Coalition of 21 health organisations demands political action on health and care

BMJ 2014; 349 doi: (Published 11 September 2014) Cite this as: BMJ 2014;349:g5611
  1. Zosia Kmietowicz
  1. 1The BMJ

A group of 21 health organisations has set out what it sees as essential elements that politicians must include in their manifestos on the future of the NHS and social care, ahead of the general election next May. These included a commitment to adequate funding, a government-wide approach to keeping people well, and an end to top-down reorganisation of the NHS and social care.

One of the groups backing the call—the NHS Confederation, the membership body for commissioners and providers of NHS services—condemned what it called a “summer of silence” from political parties on the challenges facing health and social care. The Royal College of General Practitioners, the Royal College of Physicians, and the College of Emergency Medicine are all supporting the action.

The 2015 Challenge Manifesto1 described where health and care services should be heading and what political parties need to cover when setting out their proposed solutions. It followed on from the 2015 Challenge Declaration published in May, which listed the seven major challenges facing health and care.2 These included the rising demand for care, creating a more open and transparent culture in the NHS, shifting more care to people’s homes while maintaining hospital care, and debating how health and social care should be funded.

The new manifesto included 15 “asks” that politicians should take note of (see box). As well as calling for an end to structural changes in the NHS, the coalition urged new models of care that are politically supported locally as well as nationally, workforce reforms that value staff and secure the workforce of the future, consensus around seven day services, wider programmes to support more self care, and genuine parity of esteem for mental health.

It said that politicians must also decide how the payment system for NHS and care services should be reformed, commit to a £2bn (€2.5bn; $3.2bn) fund to support change for at least two years, and reinstate political accountability for decisions on funding to recognise that more money is needed to deliver more services.

Rob Webster, chief executive of the NHS Confederation, said, “Back in May, the 2015 Challenge Declaration set out the seven major challenges facing health and care. Overcoming these is going to take political courage and a real debate on how to provide the funding and support radical changes in care. Instead we have had a summer of silence, punctuated by announcements on parking, contracting and hospital food. These are important issues but none of them tackle the fundamental challenges.

“Today, we have set out a clear vision of a future health service which is better for patients and is sustainable. We look to politicians of all parties for honesty, courage and substance between now and the general election.”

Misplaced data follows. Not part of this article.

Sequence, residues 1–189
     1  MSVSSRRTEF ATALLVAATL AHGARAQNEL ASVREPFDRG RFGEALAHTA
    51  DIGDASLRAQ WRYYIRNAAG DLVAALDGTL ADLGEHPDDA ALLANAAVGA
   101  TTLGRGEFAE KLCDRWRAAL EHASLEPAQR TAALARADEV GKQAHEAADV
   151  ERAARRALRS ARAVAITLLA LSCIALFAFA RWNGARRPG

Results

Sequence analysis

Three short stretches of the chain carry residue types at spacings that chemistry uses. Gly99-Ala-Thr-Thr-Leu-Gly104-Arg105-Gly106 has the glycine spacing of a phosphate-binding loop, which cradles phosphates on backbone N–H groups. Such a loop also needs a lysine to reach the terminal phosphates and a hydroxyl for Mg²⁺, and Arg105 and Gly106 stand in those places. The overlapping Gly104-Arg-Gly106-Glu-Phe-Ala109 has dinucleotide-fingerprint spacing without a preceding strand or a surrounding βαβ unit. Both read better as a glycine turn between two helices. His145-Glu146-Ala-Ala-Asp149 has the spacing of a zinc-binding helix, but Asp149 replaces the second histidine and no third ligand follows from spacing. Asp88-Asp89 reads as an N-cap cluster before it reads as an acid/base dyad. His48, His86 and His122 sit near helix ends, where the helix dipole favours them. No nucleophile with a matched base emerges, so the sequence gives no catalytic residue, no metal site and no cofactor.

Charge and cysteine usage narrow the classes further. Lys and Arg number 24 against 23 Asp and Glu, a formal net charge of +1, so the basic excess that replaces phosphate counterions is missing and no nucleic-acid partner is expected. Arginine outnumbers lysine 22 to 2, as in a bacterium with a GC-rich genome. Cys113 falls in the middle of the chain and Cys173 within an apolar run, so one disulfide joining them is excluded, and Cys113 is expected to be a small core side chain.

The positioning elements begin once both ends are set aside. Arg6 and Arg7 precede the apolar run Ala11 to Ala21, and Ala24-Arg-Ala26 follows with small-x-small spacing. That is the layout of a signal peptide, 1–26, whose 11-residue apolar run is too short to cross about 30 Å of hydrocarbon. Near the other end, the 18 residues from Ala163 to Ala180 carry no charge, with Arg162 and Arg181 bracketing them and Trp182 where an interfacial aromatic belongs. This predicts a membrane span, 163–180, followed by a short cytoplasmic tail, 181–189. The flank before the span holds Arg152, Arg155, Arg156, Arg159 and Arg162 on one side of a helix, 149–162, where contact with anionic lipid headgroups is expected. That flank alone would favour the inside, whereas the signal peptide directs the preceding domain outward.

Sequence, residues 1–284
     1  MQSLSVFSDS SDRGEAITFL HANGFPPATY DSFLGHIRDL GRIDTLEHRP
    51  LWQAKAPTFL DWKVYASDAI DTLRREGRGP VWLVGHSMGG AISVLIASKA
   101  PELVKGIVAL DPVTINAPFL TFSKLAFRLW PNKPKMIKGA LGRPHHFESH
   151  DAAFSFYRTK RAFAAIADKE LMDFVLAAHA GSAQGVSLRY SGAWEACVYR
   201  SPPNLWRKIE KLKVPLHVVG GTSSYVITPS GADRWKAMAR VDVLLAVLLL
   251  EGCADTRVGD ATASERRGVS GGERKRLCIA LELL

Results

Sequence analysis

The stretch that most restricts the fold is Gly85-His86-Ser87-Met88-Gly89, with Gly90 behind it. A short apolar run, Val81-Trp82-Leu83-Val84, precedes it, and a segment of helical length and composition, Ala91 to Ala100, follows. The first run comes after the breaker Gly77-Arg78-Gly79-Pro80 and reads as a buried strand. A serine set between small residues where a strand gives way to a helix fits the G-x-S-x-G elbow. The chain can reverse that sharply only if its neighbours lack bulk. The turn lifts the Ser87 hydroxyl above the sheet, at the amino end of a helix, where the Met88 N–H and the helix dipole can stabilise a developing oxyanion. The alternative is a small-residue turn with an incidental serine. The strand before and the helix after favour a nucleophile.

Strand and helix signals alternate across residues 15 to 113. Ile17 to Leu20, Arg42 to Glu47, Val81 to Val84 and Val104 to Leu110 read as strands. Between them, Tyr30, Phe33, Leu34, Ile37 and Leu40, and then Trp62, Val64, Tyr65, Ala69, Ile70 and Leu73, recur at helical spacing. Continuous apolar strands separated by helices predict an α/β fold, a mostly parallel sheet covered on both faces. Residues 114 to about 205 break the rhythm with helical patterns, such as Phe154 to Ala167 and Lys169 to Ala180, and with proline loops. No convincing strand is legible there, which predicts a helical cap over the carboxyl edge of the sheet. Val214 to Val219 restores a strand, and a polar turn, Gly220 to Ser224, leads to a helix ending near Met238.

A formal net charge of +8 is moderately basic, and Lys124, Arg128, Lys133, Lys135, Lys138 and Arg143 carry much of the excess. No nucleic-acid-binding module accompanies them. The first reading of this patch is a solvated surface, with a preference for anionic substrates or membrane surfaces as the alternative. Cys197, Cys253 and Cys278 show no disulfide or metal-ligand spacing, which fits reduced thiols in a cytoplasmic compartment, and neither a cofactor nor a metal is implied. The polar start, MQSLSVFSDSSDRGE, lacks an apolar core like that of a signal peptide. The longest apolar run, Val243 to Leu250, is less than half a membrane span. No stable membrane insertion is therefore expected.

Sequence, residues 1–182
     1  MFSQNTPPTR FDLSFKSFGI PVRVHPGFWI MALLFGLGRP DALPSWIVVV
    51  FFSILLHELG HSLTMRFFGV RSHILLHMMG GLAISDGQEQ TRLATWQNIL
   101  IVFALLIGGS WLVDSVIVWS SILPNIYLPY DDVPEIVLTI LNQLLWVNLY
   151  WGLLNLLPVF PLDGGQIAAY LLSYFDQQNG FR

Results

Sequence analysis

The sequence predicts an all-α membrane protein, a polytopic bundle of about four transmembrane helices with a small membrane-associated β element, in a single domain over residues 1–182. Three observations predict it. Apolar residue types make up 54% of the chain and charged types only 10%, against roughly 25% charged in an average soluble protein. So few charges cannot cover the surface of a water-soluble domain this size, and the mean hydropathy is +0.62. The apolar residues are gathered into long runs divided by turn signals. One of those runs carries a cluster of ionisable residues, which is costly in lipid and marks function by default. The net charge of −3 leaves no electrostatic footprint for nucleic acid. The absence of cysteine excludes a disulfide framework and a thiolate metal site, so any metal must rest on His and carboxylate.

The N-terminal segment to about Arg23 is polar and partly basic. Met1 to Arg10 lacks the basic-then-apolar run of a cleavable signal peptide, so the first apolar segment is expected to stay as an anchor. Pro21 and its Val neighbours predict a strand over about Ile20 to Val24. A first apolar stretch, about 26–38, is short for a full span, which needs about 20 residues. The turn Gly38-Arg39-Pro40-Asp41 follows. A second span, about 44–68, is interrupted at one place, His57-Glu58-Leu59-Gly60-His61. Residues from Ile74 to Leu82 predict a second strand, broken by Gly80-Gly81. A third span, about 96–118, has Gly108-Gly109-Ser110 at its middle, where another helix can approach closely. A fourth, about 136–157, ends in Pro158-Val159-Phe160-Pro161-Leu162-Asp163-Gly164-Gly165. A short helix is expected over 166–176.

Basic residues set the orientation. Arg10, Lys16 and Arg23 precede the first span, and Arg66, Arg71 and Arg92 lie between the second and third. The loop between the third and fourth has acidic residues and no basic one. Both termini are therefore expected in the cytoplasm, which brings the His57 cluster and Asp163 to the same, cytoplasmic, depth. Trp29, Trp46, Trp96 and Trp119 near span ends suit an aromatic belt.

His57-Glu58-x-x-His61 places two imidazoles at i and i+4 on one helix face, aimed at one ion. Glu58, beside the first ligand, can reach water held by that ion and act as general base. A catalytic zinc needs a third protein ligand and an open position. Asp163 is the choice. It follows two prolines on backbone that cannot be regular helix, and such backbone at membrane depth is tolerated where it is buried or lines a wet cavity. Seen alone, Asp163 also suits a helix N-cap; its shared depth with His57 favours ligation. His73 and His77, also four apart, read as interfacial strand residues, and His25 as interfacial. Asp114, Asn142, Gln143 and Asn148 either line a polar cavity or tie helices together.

Gill Morgan, independent chair of the coalition, said, “This document encapsulates the views of organisations representing patients, doctors, nurses, therapists, leading charities, local government, and NHS managers. The evidence for change that is required is unarguable. We now need the political parties to listen to what the experts are saying about the future, if they are to set manifestos that safeguard the future of the NHS.”

The 15 “asks” detailed in the manifesto are:

  • A government-wide approach to keeping people well

  • No top-down reorganisations

  • New models of care that are supported politically at a national and local level

  • Politicians playing a leadership role in ensuring that debates about change focus constructively on the implications for people’s health and wellbeing

  • Flexibility for providers on new organisational models with a clarified policy on provider futures and the foundation trust pipeline

  • A national sector led programme to support self care at scale

  • Workforce reforms that value staff and secure the workforce of the future

  • The government must build consensus around the expectations on the health and care workforce to provide seven day services and provide support to meet these expectations

  • Genuine parity of esteem for mental health

  • Local leaders driving change within a national framework

  • Enabling locally led deployment of new technologies, coordinated information systems, and cutting edge research at pace and scale

  • Longer term settlements for health and care that support service change, with adequate funding to meet demand across health and care

  • Payment system reform to incentivise new models of care

  • A non-recurrent £2bn fund to support change for at least two years over and above this

  • Political accountability for decisions on funding—recognising that health and care cannot absorb current pressures and deliver everything that we currently do without more funding.


Cite this as: BMJ 2014;349:g5611


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